The Queue: Arleene Correa Valencia
The Queue: Arleene Correa Valencia
Arleene Correa Valencia’s poignant works illuminate the pain of migrant family separation.
Faceless figures draped in American flags, high-visibility yellow vests, and cascading Mexican embroidery populate Arleene Correa Valencia’s paintings, textiles, and sculptures. Pain, yearning, and love are evident in the people she depicts in her work, who cluster together and hold each other tightly. Her work reflects her own family, who experienced separation during and after migration from Mexico to the United States. Born in Mexico and raised in a family with mixed immigration status in California’s agricultural Napa Valley, Correa Valencia lived in fear of deportation and had given up on going to art school until she received legal residency under DACA, the Obama-era policy that allows people who had been brought to the US as children to receive deferred action from deportation. She went to the California College of the Arts on a scholarship, previously unthinkable due to restrictions on student aid for undocumented people. In the years since, Correa Valencia has incorporated new mediums and collaborators into her work. Now a green card holder, she is able to travel to Mexico and work with artisans and fabricators there to bring her work to life. Jennifer Vogel wrote about Un Momento Mas / One More Moment, her 2023 aluminum and LED light sculpture that was fabricated in Mexico City, in “Light Unites Us” in the Winter 2024 issue of American Craft.
How do you describe your work or practice in 50 words or less?
My work explores the nuances of migration, visibility, invisibility, borders, and family separation through various mediums including textiles, social practice, and painting. After living in the United States for more than 25 years as a registered illegal alien, I use my family’s story to subvert the language and ideas that are assigned to immigrants.
You started out as a painter. How did you come to use craft mediums such as textiles and metal in your work?
During the pandemic, I was living with my in-laws, who are immigrants from El Salvador. While we were under lockdown, I began to grow frustrated with my lack of access to my painting studio. My mother-in-law, who grew up embroidering through the Salvadoran Civil War, taught me how to add textiles to my visual language.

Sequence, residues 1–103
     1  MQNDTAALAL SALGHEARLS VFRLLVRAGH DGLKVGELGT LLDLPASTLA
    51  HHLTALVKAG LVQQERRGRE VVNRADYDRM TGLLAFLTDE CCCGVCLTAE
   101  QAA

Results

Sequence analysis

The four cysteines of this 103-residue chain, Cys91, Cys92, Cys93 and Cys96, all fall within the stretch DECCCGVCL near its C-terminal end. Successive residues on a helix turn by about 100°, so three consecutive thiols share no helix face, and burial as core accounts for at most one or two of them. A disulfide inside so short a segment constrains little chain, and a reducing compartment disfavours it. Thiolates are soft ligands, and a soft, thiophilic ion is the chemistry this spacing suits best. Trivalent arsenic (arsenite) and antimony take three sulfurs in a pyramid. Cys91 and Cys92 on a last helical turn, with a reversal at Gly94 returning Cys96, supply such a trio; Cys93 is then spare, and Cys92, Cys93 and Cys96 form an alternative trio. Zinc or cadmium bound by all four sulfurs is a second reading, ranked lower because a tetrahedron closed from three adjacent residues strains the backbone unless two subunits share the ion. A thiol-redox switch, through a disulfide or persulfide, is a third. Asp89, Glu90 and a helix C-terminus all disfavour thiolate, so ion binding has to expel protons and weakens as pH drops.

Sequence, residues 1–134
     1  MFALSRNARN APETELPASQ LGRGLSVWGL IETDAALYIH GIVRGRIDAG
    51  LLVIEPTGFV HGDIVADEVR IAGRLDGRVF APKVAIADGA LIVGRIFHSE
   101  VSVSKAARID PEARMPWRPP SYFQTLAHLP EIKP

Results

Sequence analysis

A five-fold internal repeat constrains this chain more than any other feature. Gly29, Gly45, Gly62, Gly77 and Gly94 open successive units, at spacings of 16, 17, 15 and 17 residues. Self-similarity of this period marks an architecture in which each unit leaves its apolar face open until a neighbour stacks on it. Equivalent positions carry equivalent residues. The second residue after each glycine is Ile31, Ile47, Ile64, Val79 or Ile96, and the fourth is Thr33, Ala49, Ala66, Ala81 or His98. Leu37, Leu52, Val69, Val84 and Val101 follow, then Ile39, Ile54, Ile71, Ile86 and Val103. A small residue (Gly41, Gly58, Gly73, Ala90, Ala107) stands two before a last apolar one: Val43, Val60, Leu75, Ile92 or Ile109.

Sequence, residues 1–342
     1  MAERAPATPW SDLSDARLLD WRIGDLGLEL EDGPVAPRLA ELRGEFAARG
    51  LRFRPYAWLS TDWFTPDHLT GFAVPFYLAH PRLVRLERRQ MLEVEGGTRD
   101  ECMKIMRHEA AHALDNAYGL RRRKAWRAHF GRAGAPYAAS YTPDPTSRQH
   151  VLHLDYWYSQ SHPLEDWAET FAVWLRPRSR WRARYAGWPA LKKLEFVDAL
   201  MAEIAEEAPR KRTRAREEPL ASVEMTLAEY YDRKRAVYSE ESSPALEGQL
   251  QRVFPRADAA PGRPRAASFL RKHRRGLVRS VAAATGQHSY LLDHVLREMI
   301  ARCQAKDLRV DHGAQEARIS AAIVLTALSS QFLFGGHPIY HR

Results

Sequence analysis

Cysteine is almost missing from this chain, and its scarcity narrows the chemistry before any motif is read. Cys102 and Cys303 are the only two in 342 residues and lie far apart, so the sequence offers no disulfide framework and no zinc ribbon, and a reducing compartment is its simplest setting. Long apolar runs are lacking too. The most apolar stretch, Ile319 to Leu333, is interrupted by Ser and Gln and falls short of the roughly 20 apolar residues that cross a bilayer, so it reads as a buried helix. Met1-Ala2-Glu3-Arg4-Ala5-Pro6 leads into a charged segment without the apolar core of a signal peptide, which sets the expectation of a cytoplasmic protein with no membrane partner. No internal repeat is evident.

You incorporate reflective safety clothing and glow-in-the-dark thread in your work. What do these materials mean to you?
My attachment to high-visibility and reflective materials comes from seeing how these materials play a key role in the labor industry in Napa Valley. While growing up here, I was always hyperaware of how these materials have defined the value of our existence relative to our labor and contributions to the wine industry. These materials are crucial in understanding how bodies can be both visible and invisible.
You’ve said you work with fabricators and artisans in Mexico to make your pieces come to life. Tell us about these collaborations.
Working with Indigenous artisans in Mexico has become a very special and important component of my practice. More often than not, Native artisans in my country are haggled for their beautiful, time-consuming work, and their crafts are devalued. I feel that I am in a very privileged position and choose to be intentional with my collaborations that highlight and support Native families whose traditions of craft date back to precolonial times. Supporting other Natives is an honor, and I believe that together we make the most beautiful work.
If you could have work from any contemporary craft artist for your home or studio, whose would it be and why?
We currently have a very small tapete (rug) from Jacobo Mendoza, a Zapotec weaver from Teotitlán del Valle, Oaxaca, but it is a dream of mine to have a work by his mother and father. The Mendoza family members are some of my collaborators and arguably the most talented weavers in Oaxaca. We would also love to have work from Erin Riley, Jeffrey Gibson, and Marie Watt.
Which craft artists, exhibitions, or projects do you think the world should know about, and why?
I have always been incredibly impressed by Erin Riley. She is a weaver and makes the most impressive large-scale tapestries that depict the intimacies and trauma of being a woman. Her works are vulnerable captions of our everyday life that grapple with deep violence. Riley’s work is raw and I think she allows us all to reveal our truths, something that everyone should be doing!
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